How the ACA Has Redefined the Threshold for “Credible Allegation of Fraud” and Does It Violate Due Process?
I believe that everyone would agree with me that The Affordable Care Act (ACA) has done more to impact health care legally…probably since 1966 when Medicare was established. Whether you think the impact is beneficial or negative, it does not matter. The impact exists nonetheless.
One of the changes the ACA has yielded is the threshold for suspending Medicare and Medicaid payments to providers based on credible allegations of fraud is lower.
While CMS regulations authorized the suspension of Medicare and Medicaid payments prior to the enactment of the ACA, § 6402(h) lowers the standard the government must meet in order to suspend payments based upon suspected fraud.
The lower standard for a state to suspend Medicaid and Medicare payments nip…nay, I say…bite at the fabric of due process.
First, what is a “credible allegation of fraud?”
Credible allegation of fraud means an allegation from any source, such as data mining, whistleblowers, and/or fraud hotline complaints. Quite literally, you could be accused of having credible allegations of fraud because an ex, disgruntled employee calls the fraud hotline.
The definition of “credible” is equally as scary. If there is “indicia of reliability,” it is credible. I have no idea what “indicia” means, but it does not sound like much. So if there is indicia of reliability when your ex, disgruntled employee calls the fraud hotline, there may be credible allegations of fraud against you.
When you have credible allegations of fraud against you, your Medicaid/Medicare payments are suspended. Without an opportunity to rebut the allegations. Without you even knowing from where the allegation came.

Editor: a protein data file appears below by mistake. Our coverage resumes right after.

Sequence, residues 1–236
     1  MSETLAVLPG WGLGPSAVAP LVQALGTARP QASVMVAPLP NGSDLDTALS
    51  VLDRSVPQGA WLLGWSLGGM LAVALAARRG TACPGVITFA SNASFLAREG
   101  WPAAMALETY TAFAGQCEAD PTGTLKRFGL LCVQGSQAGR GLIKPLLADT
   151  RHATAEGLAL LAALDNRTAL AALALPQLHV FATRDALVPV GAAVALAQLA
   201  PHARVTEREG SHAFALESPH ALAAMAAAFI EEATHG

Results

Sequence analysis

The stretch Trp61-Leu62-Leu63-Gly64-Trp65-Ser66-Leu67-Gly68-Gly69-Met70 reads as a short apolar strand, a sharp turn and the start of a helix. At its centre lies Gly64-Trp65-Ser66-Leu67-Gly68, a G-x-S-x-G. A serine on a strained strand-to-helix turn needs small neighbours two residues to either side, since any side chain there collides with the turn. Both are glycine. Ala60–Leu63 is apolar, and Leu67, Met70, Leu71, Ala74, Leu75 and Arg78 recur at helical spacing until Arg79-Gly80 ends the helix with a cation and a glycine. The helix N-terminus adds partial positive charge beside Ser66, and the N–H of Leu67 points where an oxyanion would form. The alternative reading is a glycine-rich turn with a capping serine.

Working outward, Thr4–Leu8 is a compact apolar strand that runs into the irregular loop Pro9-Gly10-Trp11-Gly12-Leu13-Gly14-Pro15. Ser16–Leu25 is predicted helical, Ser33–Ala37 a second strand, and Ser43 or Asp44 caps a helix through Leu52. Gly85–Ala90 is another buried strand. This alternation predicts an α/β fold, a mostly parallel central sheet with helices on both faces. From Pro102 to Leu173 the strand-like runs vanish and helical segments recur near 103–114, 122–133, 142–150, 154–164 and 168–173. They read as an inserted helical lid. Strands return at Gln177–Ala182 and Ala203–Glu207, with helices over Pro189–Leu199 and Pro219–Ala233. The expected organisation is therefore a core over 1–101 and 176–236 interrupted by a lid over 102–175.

I make the analogy (albeit, admittedly, a poor one) of my law license. Or an M.D.’s license. Or a teacher’s license. We do not have a right to a law license. But, I argue, once you go through the process and pass the necessary tests and are awarded a law license (or M.D. license or teacher’s license), you have a protected property right in continuing in the profession.
There is a good cause exception and you should try to assert the exceptions, but this blog concentrates on the suspension and the due process (or lack thereof) involved.
CMS states that providers have “ample opportunity to submit information to us in the established rebuttal statement process to demonstrate their case for why a suspension is unjust.”
However, think of this…in Medicare, notice to the provider is not required prior to the suspension. So, I ask you, how can you plead the suspension is unjust when you have no notice? Obviously, only after the suspension has been put into place. Due process violation?